Appendix 2

Health and safety guidelines for staff visiting high altitude locations

1. Introduction

  • 1.1 There may be occasions when staff are required to visit / work at a location which is at high altitude (i.e. over 10,000 feet). It is essential to assess an individual's fitness prior to travel, given the possible risks to health that ascent to high altitude may impose.

  • 1.2 High altitude medical assessments are necessary for example for staff visiting or working at the JAC telescopes on the summit of Mauna Kea, Hawaii. These guidelines while based on travel to this location are applicable to visits to any other location above 10,000 feet.

2. Background

  • 2.1 Telescopes on the summit of Mauna Kea, sit at an altitude of 13,796 feet (4,200 metres) where the ambient partial pressure of oxygen is only 60% of the sea level value. This affects people in different ways and there are certain dangers which should be clearly understood. For brief visits of a few hours duration there is no significant medical risk for adults in normal good health, although the majority of people do experience some discomfort. The most common symptom is shortness of breath but this is very rarely severe and most people overcome this fairly easily. The next most prominent complaint is headache, which usually develops only after several hours at high altitude; it can be severe.

  • Other high altitude complaints, such as lethargy, giddiness, insomnia, etc. affect fewer people (less than 20%). The severity of the symptoms usually increases after several hours at the summit. After 24 hours at high altitude the incidence and severity of symptoms start to diminish.

  • 2.2 On rare occasions individuals can exhibit signs of high-altitude pulmonary oedema or high-altitude cerebral oedema; these are potentially fatal conditions and must be treated by taking the affected person back to sea level without delay. The altitude may also aggravate pre-existing cardiovascular and respiratory diseases. One of the problems is that the sufferer may not be fully aware of the seriousness of the situation and it may be necessary for others to decide that retreat to a lower level is necessary.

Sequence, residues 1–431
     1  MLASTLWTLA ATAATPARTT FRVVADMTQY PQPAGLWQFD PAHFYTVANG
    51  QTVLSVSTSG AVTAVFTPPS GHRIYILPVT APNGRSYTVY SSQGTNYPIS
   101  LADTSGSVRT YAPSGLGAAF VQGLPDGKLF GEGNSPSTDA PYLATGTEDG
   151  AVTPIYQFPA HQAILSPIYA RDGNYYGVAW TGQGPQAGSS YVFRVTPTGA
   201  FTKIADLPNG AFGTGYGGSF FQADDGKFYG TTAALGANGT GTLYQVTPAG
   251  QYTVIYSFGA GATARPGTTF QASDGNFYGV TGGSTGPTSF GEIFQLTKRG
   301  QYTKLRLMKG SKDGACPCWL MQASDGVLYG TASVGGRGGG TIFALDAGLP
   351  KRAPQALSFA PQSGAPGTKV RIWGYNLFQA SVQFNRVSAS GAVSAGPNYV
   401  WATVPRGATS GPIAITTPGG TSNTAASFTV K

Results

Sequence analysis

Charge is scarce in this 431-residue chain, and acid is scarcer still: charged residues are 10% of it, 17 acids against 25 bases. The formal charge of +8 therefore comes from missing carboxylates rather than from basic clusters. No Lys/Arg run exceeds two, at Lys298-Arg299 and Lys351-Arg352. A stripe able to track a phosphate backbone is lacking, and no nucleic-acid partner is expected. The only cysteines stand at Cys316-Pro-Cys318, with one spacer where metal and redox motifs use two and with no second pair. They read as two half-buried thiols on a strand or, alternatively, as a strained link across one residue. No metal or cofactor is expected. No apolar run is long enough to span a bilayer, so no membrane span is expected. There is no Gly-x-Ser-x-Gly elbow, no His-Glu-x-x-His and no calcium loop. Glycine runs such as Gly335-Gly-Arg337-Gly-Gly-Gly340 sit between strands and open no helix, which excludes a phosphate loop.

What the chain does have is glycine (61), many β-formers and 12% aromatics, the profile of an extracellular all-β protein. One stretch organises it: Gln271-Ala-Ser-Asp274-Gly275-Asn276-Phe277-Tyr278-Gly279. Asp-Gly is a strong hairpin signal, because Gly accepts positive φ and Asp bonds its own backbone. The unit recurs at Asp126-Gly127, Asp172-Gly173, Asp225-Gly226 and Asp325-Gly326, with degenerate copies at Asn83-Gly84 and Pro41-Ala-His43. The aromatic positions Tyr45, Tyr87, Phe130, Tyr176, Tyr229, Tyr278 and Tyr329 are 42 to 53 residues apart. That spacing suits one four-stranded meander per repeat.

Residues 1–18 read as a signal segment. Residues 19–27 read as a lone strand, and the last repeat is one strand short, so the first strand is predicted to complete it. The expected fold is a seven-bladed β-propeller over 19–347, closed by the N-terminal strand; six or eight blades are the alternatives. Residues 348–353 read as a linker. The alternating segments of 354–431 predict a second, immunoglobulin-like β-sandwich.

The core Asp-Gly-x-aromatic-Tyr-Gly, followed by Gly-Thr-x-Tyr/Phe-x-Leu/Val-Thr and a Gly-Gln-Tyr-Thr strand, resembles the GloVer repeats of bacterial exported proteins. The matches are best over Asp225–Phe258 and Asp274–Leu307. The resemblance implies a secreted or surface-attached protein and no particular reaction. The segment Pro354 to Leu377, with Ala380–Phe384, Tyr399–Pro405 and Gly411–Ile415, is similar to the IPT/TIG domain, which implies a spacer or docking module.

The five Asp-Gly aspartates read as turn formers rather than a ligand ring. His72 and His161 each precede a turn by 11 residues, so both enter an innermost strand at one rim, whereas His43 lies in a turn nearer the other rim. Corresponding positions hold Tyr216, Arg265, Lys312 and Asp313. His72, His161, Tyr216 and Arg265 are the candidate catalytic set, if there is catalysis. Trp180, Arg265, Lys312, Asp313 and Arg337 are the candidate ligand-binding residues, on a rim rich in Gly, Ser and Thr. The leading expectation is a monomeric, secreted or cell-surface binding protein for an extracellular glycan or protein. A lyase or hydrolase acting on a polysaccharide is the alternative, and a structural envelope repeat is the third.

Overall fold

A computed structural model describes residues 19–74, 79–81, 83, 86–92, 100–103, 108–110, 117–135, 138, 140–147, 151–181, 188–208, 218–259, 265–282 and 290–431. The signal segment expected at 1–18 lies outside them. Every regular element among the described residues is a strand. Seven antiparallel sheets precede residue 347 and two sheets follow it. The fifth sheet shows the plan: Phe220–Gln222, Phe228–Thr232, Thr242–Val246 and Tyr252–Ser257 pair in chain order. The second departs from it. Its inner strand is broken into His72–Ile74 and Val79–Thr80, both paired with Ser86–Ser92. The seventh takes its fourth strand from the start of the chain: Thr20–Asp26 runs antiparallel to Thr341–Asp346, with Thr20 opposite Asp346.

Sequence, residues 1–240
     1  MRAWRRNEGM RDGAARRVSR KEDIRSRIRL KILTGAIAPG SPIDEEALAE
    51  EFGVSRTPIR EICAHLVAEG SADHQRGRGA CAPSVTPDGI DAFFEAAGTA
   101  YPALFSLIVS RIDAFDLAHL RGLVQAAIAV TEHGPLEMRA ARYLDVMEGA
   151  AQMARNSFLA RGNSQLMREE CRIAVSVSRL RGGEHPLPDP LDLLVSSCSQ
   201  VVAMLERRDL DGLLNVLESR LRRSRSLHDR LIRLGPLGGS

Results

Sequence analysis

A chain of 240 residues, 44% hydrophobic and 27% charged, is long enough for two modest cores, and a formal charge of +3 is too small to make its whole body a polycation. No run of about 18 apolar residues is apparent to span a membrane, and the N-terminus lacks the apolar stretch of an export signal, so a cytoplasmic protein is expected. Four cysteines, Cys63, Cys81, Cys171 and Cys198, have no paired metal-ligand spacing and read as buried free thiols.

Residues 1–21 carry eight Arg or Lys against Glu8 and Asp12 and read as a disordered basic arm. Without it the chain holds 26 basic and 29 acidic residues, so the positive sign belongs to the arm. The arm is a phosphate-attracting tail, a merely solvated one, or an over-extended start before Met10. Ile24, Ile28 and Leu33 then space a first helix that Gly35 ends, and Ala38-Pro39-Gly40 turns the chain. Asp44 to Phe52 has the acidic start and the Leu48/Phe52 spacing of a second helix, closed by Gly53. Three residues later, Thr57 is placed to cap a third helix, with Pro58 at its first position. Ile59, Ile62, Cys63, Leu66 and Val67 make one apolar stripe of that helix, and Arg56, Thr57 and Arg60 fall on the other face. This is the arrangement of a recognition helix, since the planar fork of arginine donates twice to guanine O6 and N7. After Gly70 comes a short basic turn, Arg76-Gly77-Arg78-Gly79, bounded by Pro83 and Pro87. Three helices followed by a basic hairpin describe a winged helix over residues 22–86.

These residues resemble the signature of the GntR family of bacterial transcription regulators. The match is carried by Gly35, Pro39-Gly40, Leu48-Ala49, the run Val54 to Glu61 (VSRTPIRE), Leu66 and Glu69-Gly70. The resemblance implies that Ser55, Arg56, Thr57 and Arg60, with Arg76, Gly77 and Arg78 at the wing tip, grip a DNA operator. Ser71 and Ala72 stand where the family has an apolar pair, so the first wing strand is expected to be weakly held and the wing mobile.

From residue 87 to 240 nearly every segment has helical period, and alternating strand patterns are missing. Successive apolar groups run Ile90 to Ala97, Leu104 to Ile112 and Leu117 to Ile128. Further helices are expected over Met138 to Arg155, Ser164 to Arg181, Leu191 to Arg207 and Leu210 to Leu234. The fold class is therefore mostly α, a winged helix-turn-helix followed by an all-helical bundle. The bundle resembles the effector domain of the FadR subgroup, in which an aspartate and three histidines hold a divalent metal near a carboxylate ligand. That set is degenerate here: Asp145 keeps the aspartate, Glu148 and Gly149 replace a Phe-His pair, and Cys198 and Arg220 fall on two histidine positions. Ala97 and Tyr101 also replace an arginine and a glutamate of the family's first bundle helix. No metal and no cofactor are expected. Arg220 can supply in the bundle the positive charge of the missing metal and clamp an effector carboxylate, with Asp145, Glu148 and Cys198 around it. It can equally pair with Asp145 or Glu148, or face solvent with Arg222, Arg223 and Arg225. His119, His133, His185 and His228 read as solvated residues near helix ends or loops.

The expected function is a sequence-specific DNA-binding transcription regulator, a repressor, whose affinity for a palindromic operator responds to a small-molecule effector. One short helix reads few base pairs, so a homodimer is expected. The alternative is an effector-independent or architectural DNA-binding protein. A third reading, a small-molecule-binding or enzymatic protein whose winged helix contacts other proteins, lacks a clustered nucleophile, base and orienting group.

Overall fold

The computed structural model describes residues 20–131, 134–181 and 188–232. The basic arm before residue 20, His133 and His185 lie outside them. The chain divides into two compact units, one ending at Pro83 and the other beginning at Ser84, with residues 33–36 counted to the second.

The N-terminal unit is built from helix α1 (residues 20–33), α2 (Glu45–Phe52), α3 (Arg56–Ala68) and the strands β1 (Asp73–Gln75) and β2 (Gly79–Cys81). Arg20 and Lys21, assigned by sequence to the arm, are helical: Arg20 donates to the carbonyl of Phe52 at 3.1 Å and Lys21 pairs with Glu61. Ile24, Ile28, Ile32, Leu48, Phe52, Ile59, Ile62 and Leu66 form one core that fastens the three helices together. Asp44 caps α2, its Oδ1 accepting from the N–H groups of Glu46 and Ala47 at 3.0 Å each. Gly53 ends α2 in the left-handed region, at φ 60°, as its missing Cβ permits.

• 2.3 High altitude facilities such as that on Mauna Kea often employ a mid-level facility, for example the Hale Pohaku Centre on Mauna Kea at an altitude of 9,285 feet (2830m), where visitors en-route to the summit are advised to take a break for at least 30 minutes. Those visiting such locations should ensure they maintain their levels of hydration.

  • 2.4 It should be noted that children under sixteen years of age are particularly susceptible to the effects of low oxygen pressure and should not be encouraged to visit. Pregnant women are also at risk at high altitude. In general, any adults with known heart disease, lung disease, high blood pressure or who suffer from frequent severe headaches should not ascend higher than the mid level facility.

3. Rules for STFC staff travelling to high altitude

  • 3.1 It is mandatory for STFC staff required to visit or work at a high altitude (in excess of 10,000 feet) to undergo a full medical examination to certificate their fitness to undertake this visit. Examinations will be arranged through Site Occupational Health and/or Safety Advisers and HR sections for which at least six weeks' notice should be given prior to the date of travel. The high altitude fitness medical comprises the following:
    • Health and Lifestyle consultation;
    • Blood tests, if they have not already been carried out by the General Practitioner;
    • Ultrasound of the carotid arteries and abdominal aorta;
    • Ultrasound of the heart;
    • Vascular screening of the abdominal organs (kidney size, abdominal aorta calibre);
    • 12 lead resting ECG;
    • 12 lead exercise tolerance test;
    • Spirometry;
    • Post screening consultation;
    • Lifestyle and/or treatment recommendations; and
    • Full written report and follow up consultation if required
  • 3.2 A confidential report will be provided to the individual covering the outcome of the examination together with a certificate confirming that the individual is fit to travel to altitude. A copy of this certificate should be passed to the relevant high altitude facility Safety Adviser/HR advisors as proof of fitness
  • 3.3 Any member of staff who does not pass the appropriate medical examination will not be allowed to visit or work at a high altitude location.
  • 3.4 The fitness of staff to visit and/or work at high altitude should be reviewed and/or re-assessed annually, regardless of age, in case there is an unexpected change in medical status which might affect the risk to the individual. However, frequency of testing will ultimately be at site discretion.

4. Non-STFC staff - visitors and observers

  • 4.1 Medical opinion is unequivocal in stating that all visitors to a high altitude location (including short-term visitors of three hours or less and all observers) should also undergo a full assessment by their own GP, who should be familiar with the risks of altitude, before such a visit takes place. As such, all visitors are asked to sign a medical disclaimer stating that they fully understand the risks of ascending to altitude and acknowledging the recommendation to seek medical assurance of fitness prior to travel.
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